The Sign of the Four Literary Elements

The Sign of the Four Literary Elements

Genre

Mystery, Adventure

Setting and Context

London, early 1800's

Narrator and Point of View

This story is narrated by Watson and is told from his point of view, however there is a lengthy "story within a story" which is told from the point of view of Small.

Tone and Mood

Mysterious, suspenseful

Protagonist and Antagonist

Holmes and Watson are the protagonists, with Small and Tonga as the antagonists.

Major Conflict

The major conflict is the murder of Bartholomew Sholto, as well as the mystery surrounding Mary Morstan's past.

Climax

The climax of this story comes when Holmes, Watson, and the police are chasing Small and Tonga down the Thames.

Foreshadowing

The clues which Holmes finds at the scene of the crime foreshadow a peculiarly built individual, who turns out to be Tonga.

Understatement

"The Sign of Four" itself is an understatement. This rather vague and cryptic message understates the violent death which befalls those to whom the note is affixed.

Allusions

"The Sign of Four", as the note which small leaves is written, is an allusion to Small and his three Arab compatriots.

Imagery

The imagery surrounding Tonga, namely his peculiar build, dwarfish appearance and hideous appearance, are necessary to substantiate Holmes' deductions at the scene of the crime.

Paradox

Tonga is an intentionally paradoxical character. According to Small, there is no one more loyal and faithful than his small friend. However, Tonga is nonetheless a bloodthirsty and brutal character, taking great pride in the murder of Bartholomew.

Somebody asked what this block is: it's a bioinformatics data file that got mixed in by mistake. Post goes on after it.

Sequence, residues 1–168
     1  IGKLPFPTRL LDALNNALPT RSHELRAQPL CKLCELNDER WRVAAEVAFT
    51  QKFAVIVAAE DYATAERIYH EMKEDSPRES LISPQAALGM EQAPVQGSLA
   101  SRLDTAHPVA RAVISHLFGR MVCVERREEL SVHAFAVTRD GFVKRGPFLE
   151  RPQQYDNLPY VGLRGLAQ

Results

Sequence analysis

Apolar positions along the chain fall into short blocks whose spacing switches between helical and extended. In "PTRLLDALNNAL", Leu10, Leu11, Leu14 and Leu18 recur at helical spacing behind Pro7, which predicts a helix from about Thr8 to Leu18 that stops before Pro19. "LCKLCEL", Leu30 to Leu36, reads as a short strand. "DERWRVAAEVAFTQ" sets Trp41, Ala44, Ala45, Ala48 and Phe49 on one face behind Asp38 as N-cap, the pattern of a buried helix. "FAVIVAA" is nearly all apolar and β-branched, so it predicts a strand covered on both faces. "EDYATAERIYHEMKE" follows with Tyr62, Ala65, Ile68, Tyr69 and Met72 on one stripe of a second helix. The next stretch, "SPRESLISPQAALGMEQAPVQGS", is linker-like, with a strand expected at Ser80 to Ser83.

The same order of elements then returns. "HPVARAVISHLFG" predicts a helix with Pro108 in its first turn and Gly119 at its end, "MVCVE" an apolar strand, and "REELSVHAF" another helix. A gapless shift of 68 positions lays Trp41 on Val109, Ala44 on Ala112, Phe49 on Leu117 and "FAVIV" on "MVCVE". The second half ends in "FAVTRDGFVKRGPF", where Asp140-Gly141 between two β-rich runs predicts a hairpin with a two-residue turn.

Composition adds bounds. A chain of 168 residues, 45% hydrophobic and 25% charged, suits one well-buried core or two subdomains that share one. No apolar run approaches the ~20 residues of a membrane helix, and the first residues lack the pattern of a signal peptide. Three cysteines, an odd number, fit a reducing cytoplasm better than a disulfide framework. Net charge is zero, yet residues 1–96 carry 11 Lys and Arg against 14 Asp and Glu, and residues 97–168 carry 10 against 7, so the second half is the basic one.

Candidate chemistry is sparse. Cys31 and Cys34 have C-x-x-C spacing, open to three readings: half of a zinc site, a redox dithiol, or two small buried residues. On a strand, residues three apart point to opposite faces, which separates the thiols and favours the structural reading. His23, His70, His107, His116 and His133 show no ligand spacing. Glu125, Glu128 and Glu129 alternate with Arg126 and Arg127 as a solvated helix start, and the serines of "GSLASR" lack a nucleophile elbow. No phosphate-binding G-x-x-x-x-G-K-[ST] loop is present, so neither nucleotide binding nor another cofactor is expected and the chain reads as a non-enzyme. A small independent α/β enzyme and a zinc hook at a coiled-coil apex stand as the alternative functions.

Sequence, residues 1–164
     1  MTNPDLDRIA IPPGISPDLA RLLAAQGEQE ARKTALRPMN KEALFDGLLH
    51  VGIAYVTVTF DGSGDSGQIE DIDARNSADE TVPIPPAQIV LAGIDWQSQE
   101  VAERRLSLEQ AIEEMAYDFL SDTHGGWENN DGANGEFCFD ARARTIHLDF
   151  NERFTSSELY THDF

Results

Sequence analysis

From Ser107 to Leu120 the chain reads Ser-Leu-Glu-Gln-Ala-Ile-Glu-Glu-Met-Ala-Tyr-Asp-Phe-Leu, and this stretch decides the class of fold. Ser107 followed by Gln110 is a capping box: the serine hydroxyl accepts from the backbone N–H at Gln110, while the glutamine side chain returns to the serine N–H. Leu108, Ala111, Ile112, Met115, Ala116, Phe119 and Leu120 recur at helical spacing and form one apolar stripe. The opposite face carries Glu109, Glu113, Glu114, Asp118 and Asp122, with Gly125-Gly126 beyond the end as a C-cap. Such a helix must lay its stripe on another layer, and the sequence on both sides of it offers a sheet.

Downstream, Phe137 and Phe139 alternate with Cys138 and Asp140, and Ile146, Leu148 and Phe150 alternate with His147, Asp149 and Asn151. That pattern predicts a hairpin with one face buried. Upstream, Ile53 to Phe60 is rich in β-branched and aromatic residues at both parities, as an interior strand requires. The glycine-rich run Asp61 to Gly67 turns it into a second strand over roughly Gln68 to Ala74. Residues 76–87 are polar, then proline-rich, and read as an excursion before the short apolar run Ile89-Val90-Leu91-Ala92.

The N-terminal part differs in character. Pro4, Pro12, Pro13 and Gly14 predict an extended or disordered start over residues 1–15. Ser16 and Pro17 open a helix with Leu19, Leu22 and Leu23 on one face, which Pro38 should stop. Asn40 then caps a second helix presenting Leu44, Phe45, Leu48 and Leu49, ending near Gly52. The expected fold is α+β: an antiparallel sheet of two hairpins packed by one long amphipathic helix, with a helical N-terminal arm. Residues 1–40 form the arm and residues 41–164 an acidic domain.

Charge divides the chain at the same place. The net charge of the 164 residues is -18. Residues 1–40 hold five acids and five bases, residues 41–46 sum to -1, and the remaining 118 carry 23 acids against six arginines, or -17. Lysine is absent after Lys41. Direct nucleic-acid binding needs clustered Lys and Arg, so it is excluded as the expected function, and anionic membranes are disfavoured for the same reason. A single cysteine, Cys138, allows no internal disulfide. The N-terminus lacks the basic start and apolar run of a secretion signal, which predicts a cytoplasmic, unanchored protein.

Parallelism

The repetition of the phrase "Sign of Four" is an intentionally ominous parallel which Small uses to signify the relation to the deaths of the elder Sholto and Bartholomew. Its purpose is to leave a sign that a crude form of justice has been served.

Metonymy and Synecdoche

"The Four" is a helpful metonymy which is used to indicate Small and his three Arab companions. In much the same way, there is an often repeated synecdoche connected with "the iron trunk", which contains the Aggra treasure. Throughout the story, various characters plot, scheme, and kill to obtain "the trunk". In reality, there end goal is obviously the treasure within.

Personification

Near the end of the story, Small refers sarcastically to a "pretty justice." He then proceeds to relate the injustices which he feels he has endured in his life. By beginning his rant with this sardonic description of justice, he more fully expresses his bitterness.

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